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darkeagle10x

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  1. Yes, I know this is last years topic but I'm bringing it back up for this season. I planted Buckwheat with fertilizer and had a nice crop coming along. Then no rain. It made it about 8-9 inches and looked wilted. We got a little rain and it perked up, but I noticed it wasn't getting any taller (I can see it from the house) so I went out to check and I found it had been grazed off like you took scissors and clipped it all at the same height. The buckwheat is about 10 inches tall and it's a stalk with no top. I still plan to plant in it and flatten it with a cultipacker but was hoping for some more mass and better growth to choke out more weeds. All in all I'm glad I went this route. Now seeing 5-6 deer there regularly keeping it mowed down.
  2. Good info. That led me to this article about the winter rye - good quick read: Winter Rye for Dummies
  3. Thanks for the info. The deer here eat the turnips/radishes like they are on crack so I really want to have some here every year but am only working an acre total. With a third of it in clover.
  4. Pretty much every type of tuber seed says not to plant more than 2 consecutive years in the same place due to possible disease and of course nutrients in the ground. Do you feel this method allows you to plant the same thing every year?
  5. Thanks for keeping us posted with an honest play by play and pictures. I am going to do this next year. I am tired of the weeds and all the additional prep work.
  6. I've had a bunch of messages with some great info. Thank you all for helping me out. I'll be talking with my friend and let him pick from a list I have compiled from everything posted and PMed.
  7. I'll try to keep it short. My best friend/fishing/hunting buddy is going through a tough time in life and really needs to get away for (at least) a day. We are bass fishermen for the most part, once in a while jig for lakers or perch. We have done a charter in the past trolling for walleye on lake Erie. We caught plenty of fish but it was boring just trolling and pulling up a diver or heavy weight not even feeling the fish fight. I call that a meat run and yes, it was delicious eating but not like hands on fishing we are used to. After a bit we took over running the lines just to stay busy and feel we had something to do with catching the fish. I know trolling is considered the most effective but I would like to take him were you jig or use live bait or maybe even planer boards on top with light setups if that is doable for walleye. Not opposed to driving a few hours; we are located in the Watkins Glen/Corning area. Looking at charters online is overwhelming. This forum has been a wealth of information over the years with a good group of guys sharing knowledge. Maybe someone can give me a direction on finding a reputable charter? Any help would be appreciated.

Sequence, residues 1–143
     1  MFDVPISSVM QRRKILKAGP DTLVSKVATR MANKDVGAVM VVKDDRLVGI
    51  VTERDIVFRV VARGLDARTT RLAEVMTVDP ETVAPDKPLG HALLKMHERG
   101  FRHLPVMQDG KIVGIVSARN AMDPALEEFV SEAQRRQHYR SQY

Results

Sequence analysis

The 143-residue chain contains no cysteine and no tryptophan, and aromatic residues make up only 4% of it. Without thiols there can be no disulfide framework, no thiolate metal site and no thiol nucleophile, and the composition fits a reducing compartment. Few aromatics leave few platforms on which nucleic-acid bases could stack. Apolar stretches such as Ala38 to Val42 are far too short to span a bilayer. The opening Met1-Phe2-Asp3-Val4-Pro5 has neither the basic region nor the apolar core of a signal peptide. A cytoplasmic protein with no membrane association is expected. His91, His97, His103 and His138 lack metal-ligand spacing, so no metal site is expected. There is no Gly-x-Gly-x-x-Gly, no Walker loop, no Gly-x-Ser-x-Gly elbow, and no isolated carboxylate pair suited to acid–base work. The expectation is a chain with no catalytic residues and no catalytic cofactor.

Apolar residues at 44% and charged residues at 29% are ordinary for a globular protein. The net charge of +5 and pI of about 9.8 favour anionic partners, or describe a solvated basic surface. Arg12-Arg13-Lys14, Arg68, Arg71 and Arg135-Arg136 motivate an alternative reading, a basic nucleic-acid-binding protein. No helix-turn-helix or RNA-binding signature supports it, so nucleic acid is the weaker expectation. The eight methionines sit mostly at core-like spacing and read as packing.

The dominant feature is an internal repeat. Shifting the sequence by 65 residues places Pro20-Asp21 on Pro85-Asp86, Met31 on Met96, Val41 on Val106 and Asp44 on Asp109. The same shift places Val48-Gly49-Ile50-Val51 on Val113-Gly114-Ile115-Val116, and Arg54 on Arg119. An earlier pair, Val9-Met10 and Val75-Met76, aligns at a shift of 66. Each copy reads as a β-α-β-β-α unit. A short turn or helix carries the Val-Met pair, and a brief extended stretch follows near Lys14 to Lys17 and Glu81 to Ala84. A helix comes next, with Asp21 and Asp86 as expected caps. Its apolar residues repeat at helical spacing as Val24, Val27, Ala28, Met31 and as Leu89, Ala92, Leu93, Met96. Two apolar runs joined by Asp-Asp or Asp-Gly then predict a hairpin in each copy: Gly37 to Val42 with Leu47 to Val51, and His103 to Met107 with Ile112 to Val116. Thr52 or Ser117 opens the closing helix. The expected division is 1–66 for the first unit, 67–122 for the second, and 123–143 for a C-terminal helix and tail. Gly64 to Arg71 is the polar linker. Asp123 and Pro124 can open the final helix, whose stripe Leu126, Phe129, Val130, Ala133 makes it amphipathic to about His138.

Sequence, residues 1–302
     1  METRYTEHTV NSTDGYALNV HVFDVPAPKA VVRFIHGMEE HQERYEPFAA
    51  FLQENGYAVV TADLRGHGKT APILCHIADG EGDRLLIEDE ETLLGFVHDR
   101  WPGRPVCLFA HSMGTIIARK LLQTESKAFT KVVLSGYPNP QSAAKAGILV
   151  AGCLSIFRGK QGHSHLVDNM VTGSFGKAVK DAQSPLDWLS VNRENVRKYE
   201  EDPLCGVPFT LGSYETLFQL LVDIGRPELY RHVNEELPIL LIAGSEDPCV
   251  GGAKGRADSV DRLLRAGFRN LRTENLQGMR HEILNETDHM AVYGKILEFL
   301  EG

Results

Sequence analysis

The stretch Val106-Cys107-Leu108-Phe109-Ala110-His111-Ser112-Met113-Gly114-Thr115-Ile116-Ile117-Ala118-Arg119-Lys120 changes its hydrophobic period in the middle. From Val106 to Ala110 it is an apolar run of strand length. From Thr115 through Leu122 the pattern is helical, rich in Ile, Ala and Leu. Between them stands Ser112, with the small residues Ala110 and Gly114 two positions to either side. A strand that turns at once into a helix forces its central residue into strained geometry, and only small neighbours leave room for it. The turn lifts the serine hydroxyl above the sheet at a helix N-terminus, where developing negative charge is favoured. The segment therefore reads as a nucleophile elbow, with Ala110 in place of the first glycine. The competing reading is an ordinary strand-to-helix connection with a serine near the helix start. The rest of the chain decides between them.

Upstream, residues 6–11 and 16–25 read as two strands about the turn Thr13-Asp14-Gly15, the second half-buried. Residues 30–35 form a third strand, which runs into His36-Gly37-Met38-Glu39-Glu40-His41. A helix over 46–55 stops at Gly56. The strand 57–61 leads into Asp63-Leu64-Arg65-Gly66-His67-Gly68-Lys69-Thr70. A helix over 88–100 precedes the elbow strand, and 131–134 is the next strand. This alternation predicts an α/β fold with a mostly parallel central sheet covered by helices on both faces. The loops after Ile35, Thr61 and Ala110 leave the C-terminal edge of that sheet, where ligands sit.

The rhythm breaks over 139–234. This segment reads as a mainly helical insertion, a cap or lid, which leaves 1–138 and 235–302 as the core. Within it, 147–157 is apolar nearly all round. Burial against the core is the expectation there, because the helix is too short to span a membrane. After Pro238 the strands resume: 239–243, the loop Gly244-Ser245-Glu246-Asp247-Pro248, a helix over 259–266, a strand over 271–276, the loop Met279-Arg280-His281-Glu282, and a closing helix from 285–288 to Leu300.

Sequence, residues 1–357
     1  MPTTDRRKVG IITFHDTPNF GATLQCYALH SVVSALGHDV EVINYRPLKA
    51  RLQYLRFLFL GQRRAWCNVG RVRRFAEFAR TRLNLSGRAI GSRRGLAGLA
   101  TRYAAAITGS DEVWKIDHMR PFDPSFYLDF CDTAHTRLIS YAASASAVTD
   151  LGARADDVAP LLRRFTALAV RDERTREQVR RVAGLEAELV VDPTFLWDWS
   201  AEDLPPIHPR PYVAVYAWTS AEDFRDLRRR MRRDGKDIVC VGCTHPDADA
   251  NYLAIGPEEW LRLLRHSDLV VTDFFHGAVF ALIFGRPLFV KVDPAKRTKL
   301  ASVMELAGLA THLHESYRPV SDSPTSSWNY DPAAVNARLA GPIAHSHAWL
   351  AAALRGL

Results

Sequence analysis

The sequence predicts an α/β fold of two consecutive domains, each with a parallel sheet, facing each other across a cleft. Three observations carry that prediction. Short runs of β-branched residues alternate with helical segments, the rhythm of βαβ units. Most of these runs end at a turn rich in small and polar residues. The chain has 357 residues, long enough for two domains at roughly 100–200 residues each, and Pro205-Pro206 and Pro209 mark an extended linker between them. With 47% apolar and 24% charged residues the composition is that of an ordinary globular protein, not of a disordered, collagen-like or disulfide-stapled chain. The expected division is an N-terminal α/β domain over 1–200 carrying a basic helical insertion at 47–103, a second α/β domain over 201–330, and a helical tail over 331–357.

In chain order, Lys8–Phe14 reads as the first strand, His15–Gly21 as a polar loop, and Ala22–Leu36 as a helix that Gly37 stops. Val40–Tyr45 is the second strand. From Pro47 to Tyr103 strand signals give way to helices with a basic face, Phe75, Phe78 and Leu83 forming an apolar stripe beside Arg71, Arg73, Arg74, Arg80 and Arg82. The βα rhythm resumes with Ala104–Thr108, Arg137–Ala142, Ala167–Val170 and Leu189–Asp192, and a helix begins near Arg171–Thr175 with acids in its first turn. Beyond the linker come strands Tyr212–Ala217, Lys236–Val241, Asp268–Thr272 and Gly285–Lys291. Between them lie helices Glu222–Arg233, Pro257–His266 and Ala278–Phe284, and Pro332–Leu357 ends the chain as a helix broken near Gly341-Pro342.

8. WOW. How about a picture here so I don't have to look through 88 pages to see it.
  9. Long time reader and never post but I think after reading 87 pages of this that I will comment. If I went by my normal signs and methods for hunting, I would say yes, with the drought we had this year something has happened and the deer population is way down. All my fellow hunters saying the same thing. BUT changing my hunting method I absolutely disagree. I used to sit in watch over a food plot and would be able to fill the freezer every year. It was warm and comfy in my blind. With the drought this year, the food plot didn't fair well and the sit and watch didn't do me any good. My game cameras showed a few deer but they wouldn't come out where I could see them and it was the same few deer over and over. A couple does and a couple trash rack small bucks. I decided to change things and moved back into the woods a short ways and instantly started seeing deer. I also noticed the does were coming right up to my cameras (located off to the side of trails) and giving me nose and ear pictures which meant they weren't as hidden or secretive as I had thought when I put them out. If the does were finding them then surely the big bucks know they are there and that would be why I wasn't getting many pictures of them. When I did, it was just once and never again. I then started checking after dark on those snow covered nights with the moon bright and to my surprise it was not unusual to see 15 to 20 deer in what little food was left in the plot - night after night. They had gone nocturnal (entering the field anyway) and avoided my cameras quite well. When I sat on stand back into the woods I was seeing deer staging to enter the food plot. Talking to a local butcher shop, the guy there said he had 400 deer in the first three days of season and had to turn them away after that not having enough freezer space. He is located in 8R but of course takes deer from all over. So, I believe they are still there but their patterns have changed this year. Maybe just in my little area (8W) but that's what I have seen. My season ended with the freezer full once again after I moved back into the woods a bit. Just my thoughts on it for what it's worth. Maybe others have seen similar this year.
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